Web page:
I am not a purist libertarian. I don’t say things like “End The State”, or “Abolish (insert massively entrenched political institution here)”. This is not because I believe society won't be better off without these overbearing agents of the state, but because this macho-flash style libertarianism does nothing to address the vast injustices inflicted upon Americans now. Issues like marriage inequality, police militarization, the war on drugs, and mass incarceration, all of which disproportionately affect minority and LGBT citizens, are in my mind the most commonly dismissed, and yet most easily fixable issues. Macho-flash libertarians like to dismiss practical solutions to these issues and will instead deliver all-or-nothing, end-the-state mantras that are beyond impractical. Their tactics have nearly driven me out of the movement, until I am reminded that practical libertarian solutions exist to make people freer.
When Gary Johnson ran for President under the Libertarian Party banner in 2012, he brought a much-needed sense of balance to a party gripped by fringe elements. Unlike his predecessor in 2008, Johnson remained consistent in his support for both social and economic freedom. When asked about his stance on the issue of marriage equality, Johnson does not do the conservative shuffle and leave the issue to the states, nor does he pull the libertarian macho-flash by insisting that the government should just get out of the marriage altogether. Rather, Johnson makes no mistake that he supports equal rights for LGBT individuals. He is also unambiguous and firm in his support for civil liberties issues such as ending the war on drugs, repealing the Patriot Act. While Johnson is far from the perfect Libertarian candidate, I would feel much better about compromising a couple percentage point increases on a tax rate, or leaving a few military bases open, but I cannot support someone who lacks the simple dignity of acknowledging equal rights for all people. This is why I cannot vote for even the most libertarian Republican within the current field of candidates running for President.
The status of liberty is determined less by the size of the state and more by society’s respect for individual rights. Of course, scaling back the state is usually the appropriate means to protect people’s rights, but the emphasis should always be on rights. While I can understand choosing a pragmatic approach over ideological purism in a high stakes election, my support for Gary Johnson is based on anything but purism. If now is any indication, I will have irreconcilable disagreements with every major-party Presidential candidate in 2016, disagreements that go against what I believe to be basic respect for the rights of the individual. Through my experience listening and speaking with Gary Johnson, I know he is the kind of libertarian who cares about individual rights, and determines his political strategy on that foundation.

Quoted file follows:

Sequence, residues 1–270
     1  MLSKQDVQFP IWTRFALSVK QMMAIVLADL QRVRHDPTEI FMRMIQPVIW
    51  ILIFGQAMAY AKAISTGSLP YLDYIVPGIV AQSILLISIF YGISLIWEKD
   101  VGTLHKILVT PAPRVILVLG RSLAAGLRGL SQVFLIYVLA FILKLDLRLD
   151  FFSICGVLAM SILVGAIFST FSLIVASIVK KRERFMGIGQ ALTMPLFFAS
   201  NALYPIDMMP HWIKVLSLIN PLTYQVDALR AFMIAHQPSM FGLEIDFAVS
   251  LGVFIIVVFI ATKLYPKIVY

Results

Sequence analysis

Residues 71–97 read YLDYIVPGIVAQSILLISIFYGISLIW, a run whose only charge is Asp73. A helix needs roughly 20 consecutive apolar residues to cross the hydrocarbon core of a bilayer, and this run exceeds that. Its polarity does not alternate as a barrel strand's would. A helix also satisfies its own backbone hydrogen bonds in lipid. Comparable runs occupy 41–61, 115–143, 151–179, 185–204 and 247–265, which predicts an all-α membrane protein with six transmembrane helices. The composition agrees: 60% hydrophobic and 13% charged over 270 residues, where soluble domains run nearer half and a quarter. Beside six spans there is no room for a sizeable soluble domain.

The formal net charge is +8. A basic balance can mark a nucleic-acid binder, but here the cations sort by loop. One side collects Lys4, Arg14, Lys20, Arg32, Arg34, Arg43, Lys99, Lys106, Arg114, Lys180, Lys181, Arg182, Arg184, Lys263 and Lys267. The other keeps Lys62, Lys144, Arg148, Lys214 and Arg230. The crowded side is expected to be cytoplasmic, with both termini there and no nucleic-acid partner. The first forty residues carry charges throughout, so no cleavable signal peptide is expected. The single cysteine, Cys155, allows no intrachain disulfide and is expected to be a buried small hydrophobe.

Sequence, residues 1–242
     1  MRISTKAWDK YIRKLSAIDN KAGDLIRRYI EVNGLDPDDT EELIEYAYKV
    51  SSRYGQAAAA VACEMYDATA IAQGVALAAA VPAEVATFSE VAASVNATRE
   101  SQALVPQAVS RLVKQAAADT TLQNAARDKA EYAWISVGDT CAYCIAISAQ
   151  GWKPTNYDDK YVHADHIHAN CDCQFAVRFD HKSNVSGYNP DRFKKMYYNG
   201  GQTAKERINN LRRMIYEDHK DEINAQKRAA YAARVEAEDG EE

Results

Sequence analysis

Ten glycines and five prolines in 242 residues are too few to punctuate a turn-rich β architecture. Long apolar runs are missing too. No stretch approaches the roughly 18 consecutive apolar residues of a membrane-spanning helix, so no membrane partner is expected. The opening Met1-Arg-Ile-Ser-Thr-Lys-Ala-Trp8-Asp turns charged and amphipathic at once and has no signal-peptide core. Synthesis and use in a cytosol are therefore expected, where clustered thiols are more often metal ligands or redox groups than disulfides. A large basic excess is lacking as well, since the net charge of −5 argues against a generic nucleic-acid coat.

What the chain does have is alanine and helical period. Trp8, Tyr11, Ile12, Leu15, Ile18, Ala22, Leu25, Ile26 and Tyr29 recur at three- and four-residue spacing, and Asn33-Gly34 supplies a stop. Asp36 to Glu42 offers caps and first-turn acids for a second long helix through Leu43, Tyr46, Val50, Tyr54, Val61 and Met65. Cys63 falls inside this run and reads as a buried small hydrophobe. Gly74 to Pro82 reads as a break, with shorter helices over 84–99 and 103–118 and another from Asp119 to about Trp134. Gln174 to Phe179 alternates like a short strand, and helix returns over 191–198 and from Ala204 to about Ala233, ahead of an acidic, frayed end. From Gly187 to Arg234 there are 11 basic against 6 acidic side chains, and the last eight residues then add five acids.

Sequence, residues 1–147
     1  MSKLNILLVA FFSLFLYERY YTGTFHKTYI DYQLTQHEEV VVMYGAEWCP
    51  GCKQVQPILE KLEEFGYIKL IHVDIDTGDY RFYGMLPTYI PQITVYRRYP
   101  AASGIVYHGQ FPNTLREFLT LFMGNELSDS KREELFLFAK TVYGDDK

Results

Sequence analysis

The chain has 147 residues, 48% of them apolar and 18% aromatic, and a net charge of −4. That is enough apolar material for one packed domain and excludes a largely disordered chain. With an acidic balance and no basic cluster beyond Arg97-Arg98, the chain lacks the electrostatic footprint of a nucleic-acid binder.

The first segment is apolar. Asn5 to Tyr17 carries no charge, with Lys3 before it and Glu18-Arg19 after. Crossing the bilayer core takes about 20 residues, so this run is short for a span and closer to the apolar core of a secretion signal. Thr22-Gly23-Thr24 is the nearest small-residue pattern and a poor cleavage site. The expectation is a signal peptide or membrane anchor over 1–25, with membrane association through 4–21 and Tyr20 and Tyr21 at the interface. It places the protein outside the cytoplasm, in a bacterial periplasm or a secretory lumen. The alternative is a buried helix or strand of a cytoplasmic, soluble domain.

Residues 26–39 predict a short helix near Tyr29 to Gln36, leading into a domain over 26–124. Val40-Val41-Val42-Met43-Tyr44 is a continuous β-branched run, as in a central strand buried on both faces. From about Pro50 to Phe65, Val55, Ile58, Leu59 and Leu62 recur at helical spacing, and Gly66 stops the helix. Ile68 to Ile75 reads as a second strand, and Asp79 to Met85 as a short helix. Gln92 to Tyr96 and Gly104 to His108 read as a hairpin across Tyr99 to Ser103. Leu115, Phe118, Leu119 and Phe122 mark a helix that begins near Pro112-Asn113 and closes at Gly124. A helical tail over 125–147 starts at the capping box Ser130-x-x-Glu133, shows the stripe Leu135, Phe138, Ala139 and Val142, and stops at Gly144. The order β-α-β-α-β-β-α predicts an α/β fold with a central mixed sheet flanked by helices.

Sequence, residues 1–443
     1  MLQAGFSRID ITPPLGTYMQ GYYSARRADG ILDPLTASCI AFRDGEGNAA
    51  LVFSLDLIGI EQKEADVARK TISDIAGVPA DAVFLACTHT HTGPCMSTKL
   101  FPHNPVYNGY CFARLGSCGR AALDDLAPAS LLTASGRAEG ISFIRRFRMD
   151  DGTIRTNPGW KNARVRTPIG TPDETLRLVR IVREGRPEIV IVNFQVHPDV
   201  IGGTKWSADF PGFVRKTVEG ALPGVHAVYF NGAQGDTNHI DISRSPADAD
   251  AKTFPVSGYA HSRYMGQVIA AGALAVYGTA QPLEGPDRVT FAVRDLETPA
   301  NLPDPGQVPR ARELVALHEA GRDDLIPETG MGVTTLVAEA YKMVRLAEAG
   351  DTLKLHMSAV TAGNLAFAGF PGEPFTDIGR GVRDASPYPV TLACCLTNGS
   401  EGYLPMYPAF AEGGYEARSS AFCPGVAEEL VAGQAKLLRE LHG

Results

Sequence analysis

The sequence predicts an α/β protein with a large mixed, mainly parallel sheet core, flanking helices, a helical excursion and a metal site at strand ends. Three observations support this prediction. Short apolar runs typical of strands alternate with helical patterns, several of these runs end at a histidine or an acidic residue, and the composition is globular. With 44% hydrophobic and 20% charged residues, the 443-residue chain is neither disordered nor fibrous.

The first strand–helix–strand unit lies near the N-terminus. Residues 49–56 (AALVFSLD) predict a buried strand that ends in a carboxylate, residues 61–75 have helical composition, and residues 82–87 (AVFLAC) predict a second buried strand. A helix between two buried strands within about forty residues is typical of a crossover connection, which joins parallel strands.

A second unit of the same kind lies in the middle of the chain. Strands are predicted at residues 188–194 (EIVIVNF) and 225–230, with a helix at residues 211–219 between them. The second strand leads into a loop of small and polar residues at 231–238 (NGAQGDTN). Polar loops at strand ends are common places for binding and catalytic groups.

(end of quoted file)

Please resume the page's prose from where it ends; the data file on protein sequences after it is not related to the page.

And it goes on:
We've taken some criticism from people who take the Indiana RFRA at face value, assuming that because it claims to stand for religious freedom, anybody who opposes it is in favor of the enslavement of bakers and florists. This could not be farther from the truth - it is possible to oppose both bigotry, and bad law, and still be libertarian. In fact, we feel it is a moral imperative to do so!!
Bigotry is not "speech". Its source is the heart and mind, not the voice. If we feel that liberty is worth our efforts to persuade and enlighten, why not issues of social stigma as well? It's irrational to leap from freedom of association to a pro-bigotry stance. They represent two very different organizing principles.
The market is proving its power to solve a problem the state created in Indiana. We should be pointing to that and saying "We told you so", not taking the wrong side and shilling for bigots. Unfortunately, many of our allies in the libertarian movement bring with them a vulnerability to deceptive right-wing rhetoric. This attempt to cloak an establishment of religion in "freedom" is one of those times.
There seems to be a lot of confusion among libertarians on how to handle the issue of marriage equality from a uniquely libertarian standpoint. Some suggest that the struggle to remove government from our personal lives requires more than equal marriage rights for same sex couples – I agree with them. Others adopt the all-or-nothing approach of opposing marriage equality now in favor of abolishing state marriage altogether – I disagree with these people.